My author’s website is http://www.saralynrichard.com. https://www.facebook.com/saralyn.richard,
https://www.instagram.com/naughty_nana_sheepdog/ and https://www.goodreads.com/author/show/7338961.Saralyn_Richard.
I am available to meet with book clubs and organization members. Contact me at email@example.com.
17 thoughts on “Why I Write Mysteries by Saralyn Richard”
I agree with Saralyn. Writing a good mystery is indeed a challenge. You have to be fair to your readers and create a satisfying ending, but you also have to puzzle them. That’s why I’ve read mysteries my entire life. And Saralyn does it with style. MURDER IN THE ONE PERCENT is proof.
Why, thank you, June. Sometimes it’s walking a tightrope within your own plot and character arc, but it’s also gratifying when you hear those three little words that make every author’s day, “I loved it!”
Great post, Saralyn and Paty. Mystery, crime, suspense, and thriller books have many common elements, but the “pure mystery” involves readers emotionally and in a cerebral fashion as they try to guess who did the crime. When the detective uncovers the clues as Saralyn’s does a la Poirot, the reader tries to decide what they mean along with the detective. That’s active participation in a story at its best!
I hope Saralyn’s mystery gets the attention it deserves. And yes, the Brandwine Valley is a go-to place for NJ residents like me, so that makes it all the more real!
Thanks for your insightful comments, Steve. Let me know when you’ve been to Brandywine Valley. The sequel (A Palette for Love and Murder) is set there, too.
Great post. The reader/writer connection makes a lot of sense. Your book had me guessing until the end—I loved it. I can’t wait until the next one comes out!
Thanks for reading and commenting, Lynn. Our reader-writer connection goes both ways, and I value your feedback so much.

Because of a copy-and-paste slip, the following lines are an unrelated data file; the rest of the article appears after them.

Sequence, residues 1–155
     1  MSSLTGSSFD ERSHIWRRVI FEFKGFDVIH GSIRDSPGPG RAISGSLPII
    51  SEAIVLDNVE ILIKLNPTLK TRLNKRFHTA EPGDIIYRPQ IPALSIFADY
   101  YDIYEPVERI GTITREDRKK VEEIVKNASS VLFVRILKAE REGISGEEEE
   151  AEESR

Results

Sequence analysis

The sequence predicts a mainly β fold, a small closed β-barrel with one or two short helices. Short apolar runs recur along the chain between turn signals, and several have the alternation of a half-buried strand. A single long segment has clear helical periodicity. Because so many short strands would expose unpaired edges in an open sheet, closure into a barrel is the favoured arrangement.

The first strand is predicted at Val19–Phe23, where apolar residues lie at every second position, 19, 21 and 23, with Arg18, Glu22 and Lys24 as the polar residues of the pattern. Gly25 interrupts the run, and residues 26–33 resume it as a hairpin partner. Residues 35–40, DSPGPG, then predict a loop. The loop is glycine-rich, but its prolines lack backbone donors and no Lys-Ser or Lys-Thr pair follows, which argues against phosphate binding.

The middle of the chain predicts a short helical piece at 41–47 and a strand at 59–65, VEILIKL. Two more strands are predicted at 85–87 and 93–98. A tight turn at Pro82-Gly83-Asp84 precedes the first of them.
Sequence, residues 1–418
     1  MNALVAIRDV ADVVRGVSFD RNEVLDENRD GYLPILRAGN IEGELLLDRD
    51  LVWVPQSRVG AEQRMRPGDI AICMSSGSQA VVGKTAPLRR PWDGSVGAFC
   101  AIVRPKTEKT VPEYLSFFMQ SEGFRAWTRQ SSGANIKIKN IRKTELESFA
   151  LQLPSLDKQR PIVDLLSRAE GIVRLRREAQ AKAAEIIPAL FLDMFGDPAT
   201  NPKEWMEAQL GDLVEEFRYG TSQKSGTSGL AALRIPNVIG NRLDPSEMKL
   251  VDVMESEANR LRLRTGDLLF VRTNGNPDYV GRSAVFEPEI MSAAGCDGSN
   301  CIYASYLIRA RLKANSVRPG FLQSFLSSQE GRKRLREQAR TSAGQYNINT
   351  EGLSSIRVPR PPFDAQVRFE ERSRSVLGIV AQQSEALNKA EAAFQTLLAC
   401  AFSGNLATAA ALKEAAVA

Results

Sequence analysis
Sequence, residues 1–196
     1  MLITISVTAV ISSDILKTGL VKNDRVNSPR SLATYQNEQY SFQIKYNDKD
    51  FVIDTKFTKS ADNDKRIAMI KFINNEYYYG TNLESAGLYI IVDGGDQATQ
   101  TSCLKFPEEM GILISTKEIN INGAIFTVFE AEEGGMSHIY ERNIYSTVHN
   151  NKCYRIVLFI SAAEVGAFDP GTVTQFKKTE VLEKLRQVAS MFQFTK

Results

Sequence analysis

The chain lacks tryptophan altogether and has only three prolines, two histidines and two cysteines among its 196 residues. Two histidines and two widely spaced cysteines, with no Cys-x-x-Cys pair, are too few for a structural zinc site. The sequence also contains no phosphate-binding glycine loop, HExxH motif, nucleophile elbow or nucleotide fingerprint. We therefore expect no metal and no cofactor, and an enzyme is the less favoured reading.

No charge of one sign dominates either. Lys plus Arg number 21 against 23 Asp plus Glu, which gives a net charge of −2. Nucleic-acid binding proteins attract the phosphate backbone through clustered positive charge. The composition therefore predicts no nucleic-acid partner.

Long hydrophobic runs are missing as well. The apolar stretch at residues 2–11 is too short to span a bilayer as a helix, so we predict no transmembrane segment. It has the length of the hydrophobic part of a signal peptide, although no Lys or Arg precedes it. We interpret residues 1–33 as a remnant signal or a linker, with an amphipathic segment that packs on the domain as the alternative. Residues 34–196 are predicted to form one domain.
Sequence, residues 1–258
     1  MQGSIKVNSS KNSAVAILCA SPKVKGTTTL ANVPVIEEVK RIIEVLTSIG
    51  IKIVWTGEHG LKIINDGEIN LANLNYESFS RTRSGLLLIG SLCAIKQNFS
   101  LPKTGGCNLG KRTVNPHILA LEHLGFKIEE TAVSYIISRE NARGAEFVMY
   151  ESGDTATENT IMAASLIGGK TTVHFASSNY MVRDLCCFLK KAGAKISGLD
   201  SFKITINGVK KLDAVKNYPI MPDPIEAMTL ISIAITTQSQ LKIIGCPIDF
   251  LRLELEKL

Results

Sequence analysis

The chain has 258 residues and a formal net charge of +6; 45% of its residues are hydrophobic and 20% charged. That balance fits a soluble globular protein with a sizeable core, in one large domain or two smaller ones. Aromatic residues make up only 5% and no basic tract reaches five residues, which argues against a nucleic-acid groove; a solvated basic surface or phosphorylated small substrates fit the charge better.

I enjoyed the post, Saralyn and Paty. I’ve heard people say that all novels have a mysterious element. That’s true, but from the mystery writer’s perspective, that mysterious element in a mystery is so crafty and intricate, and that’s what makes them fun to write. I love it when a reader says, “I read your book and was so surprise by the ending, even though I should have seen it all along.” When I hear that, I know I did my job. Murder in the Once Percent is one of those mysteries!
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Smiling from this compliment, Kathleen. Pursuing the perfect blend of foreshadowing and surprise every time. 🙂
I’ve also taught creative writing at both the high school and college level and it was my favorite course. Although I’ve written in just about every genre, like you, I love writing mysteries as well as reading them.
Thanks for your comments, Jacqueline. It’s an honor to be your sister-mystery-writer.
Wonderful post, Saralyn. I enhoyed Murder in the One percent very much and I look forward to the next. Wonderfully crafted mystery!
Thank you, Minette. I value your feedback so much.
Saralyn, I enjoyed your post. It also reminded me to buy your book Murder in the One Percent. Great title.
Shakespeare in the Vineyard series
Thanks so much for your comments, Carole. I’m delighted to have you as a reader!
Thank you for being a guest today, Saralyn! Great post!
It’s an honor to be a Lady of Mystery, Paty. The best part of writing a mystery is connecting with readers and writers, so thank you for having me write into the sunset alongside every one of you.
It’s an honor to be a Lady of Mystery today. Thank you, Paty Jager, for welcoming me onto your blog and writing into the sunset with me.